Obama Presidency Still Polarizing, Bipartisanship Still Dead
American politics is as polarized as ever, and it shows no signs of changing regardless of who wins in November.
Repeating a survey that they had conducted two years ago, Gallup reported on Friday that, based on their surveys, the partisan gap between Barack Obama’s job approval ratings was once again among the highest it had ever measured:
The historically high gap between partisans’ job approval ratings of Barack Obama continued during Obama’s third year in office, with an average of 80% of Democrats and 12% of Republicans approving of the job he was doing.
In fact, Obama’s Year Three average 68-percentage-point partisan gap is tied for the fourth highest in Gallup records dating back to the Eisenhower administration. Only George W. Bush’s fourth, fifth, and sixth years in office showed higher degrees of political polarization. Together, Bush and Obama account for the 7 most polarized years, and 8 of the top 10.
Notably, 3 of the top 10 years coincided with presidents’ re-election years, including Bush in 2004, Bill Clinton in 1996, and Ronald Reagan in 1984. In fact, a president’s fourth year tends to be the most polarized, as has been the case for each of the last six elected presidents. Since 1953, Eisenhower is the only elected president whose fourth year was not his most polarized; his sixth year — a midterm election year — was the one with the largest gap in his approval ratings by party.
Looking just at 2011, Obama’s third year in office and one year before he stands for re-election, Gallup finds that polarization between Republicans and Democrats was higher than it has ever been in any other third year of Presidential term since they became taking measurements:
As Gallup notes, one can probably expect polarization to be higher in advance of an election year than at other times during a President’s term. Nonetheless, Obama’s polarization numbers have been high since the beginning of his term. The gap between Republicans and Democrats on job approval was 65% in 2009 and 68% in 2010, and 68% again in 2011. One can imagine that it would be that high, if not higher, again in 2012. Of course, as James Joyner noted when he wrote about the 2009 Gallup numbers two years ago, the one thing that’s most notable is that this increased (above 50%) polarization that started with the Reagan years. Consider this chart of the average partisan gap in job approval numbers for every President from Eisenhower to George W. Bush during their full term in office:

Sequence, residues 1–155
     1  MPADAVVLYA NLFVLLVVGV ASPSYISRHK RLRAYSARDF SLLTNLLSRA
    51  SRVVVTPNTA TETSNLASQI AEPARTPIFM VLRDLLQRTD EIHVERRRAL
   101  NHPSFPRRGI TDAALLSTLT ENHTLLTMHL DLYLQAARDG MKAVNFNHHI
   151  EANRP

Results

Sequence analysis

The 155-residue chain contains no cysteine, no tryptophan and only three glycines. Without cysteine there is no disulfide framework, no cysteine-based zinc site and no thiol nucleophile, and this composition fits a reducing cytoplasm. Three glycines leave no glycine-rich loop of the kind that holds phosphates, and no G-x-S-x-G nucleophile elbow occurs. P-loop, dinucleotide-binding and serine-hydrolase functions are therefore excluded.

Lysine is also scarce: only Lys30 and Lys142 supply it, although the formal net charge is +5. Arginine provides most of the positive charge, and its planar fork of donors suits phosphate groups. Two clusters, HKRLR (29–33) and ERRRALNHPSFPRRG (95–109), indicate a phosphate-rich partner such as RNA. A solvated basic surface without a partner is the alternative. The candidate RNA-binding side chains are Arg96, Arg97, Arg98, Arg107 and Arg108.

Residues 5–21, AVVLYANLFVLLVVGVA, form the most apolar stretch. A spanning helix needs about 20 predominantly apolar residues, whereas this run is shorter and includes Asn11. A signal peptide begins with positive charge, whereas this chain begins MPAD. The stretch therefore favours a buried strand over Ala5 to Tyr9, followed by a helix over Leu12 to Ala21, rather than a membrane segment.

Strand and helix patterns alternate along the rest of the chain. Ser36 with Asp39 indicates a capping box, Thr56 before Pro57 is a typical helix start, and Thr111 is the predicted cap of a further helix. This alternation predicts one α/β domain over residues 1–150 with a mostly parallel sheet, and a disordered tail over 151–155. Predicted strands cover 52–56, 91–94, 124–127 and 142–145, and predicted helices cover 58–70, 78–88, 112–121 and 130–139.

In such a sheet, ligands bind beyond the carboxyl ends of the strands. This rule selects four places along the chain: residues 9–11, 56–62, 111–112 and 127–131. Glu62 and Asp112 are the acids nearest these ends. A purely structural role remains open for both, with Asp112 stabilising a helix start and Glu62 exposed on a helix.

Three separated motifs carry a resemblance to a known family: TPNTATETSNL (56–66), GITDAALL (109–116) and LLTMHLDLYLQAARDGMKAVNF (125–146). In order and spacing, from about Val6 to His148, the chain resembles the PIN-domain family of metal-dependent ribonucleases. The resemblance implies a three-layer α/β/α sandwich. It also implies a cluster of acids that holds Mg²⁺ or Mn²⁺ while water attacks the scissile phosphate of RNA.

Until we get to Reagan, no President had a partisan gap above 50% during their term. Not Lyndon Johnson during Vietnam. Not even Richard Nixon. There was a slight reversal of the trend during the Presidency of George H.W. Bush, but one imagines that is at least partly due to the massive spike in popularity that he received during and after the Persian Gulf War. His predecessors, though, went right back to the “new” era that started under Reagan, where a President would find himself not just opposed, but despised, by supporters of the opposing party. It’s a new development in American politics. If even Richard Nixon couldn’t get a 50% partisan gap in the 1970s, what it is that changed in such a short period time that, starting in the 80s, it was not only possible, but now, it seems, commonplace?
Chris Cillizza and Aaron Blake argue that numbers like this are a reflection of the hyper-partisan atmosphere of modern American politics:
We are simply living in an era in which Democrats dislike a Republican president (and Republicans dislike a Democratic one) even before the commander in chief has taken a single official action.
The realization of that hyper-partisan reality has been slow in coming for Obama. But in recent months, he seems to have turned a rhetorical corner — taking the fight to Republicans (and Republicans in Congress, particularly) and all but daring them to call his bluff.
Democrats will point out that Republicans in Congress have played a significant part in the polarization; the congressional GOP has stood resolutely against almost all of Obama’s top priorities. And Obama’s still-high popularity among the Democratic base also exacerbates the gap.
For believers in bipartisanship, the next nine months are going to be tough sledding, as the already-gaping partisan divide between the two parties will only grow as the 2012 election draws nearer. And, if the last decade of Gallup numbers are any indication, there’s little turnaround in sight.
John Harris and Jonathan Allen at Politico point out the extent to which this hyperpartisanship has made the idea of bipartisanship and the so-called legislative “Grand Bargain” pretty much a fantasy at this point:
Every time there is divided government in Washington, there is a revival — among elite journalists, think tank commentators and respectable politicians of all stripes — of a cherished idea about how business should get done in the nation’s capital:
Get the most responsible adults of both parties in one room, shoo away the cameras and microphones, and don’t let the two sides come out until they have cut a deal on the most pressing problem of the day.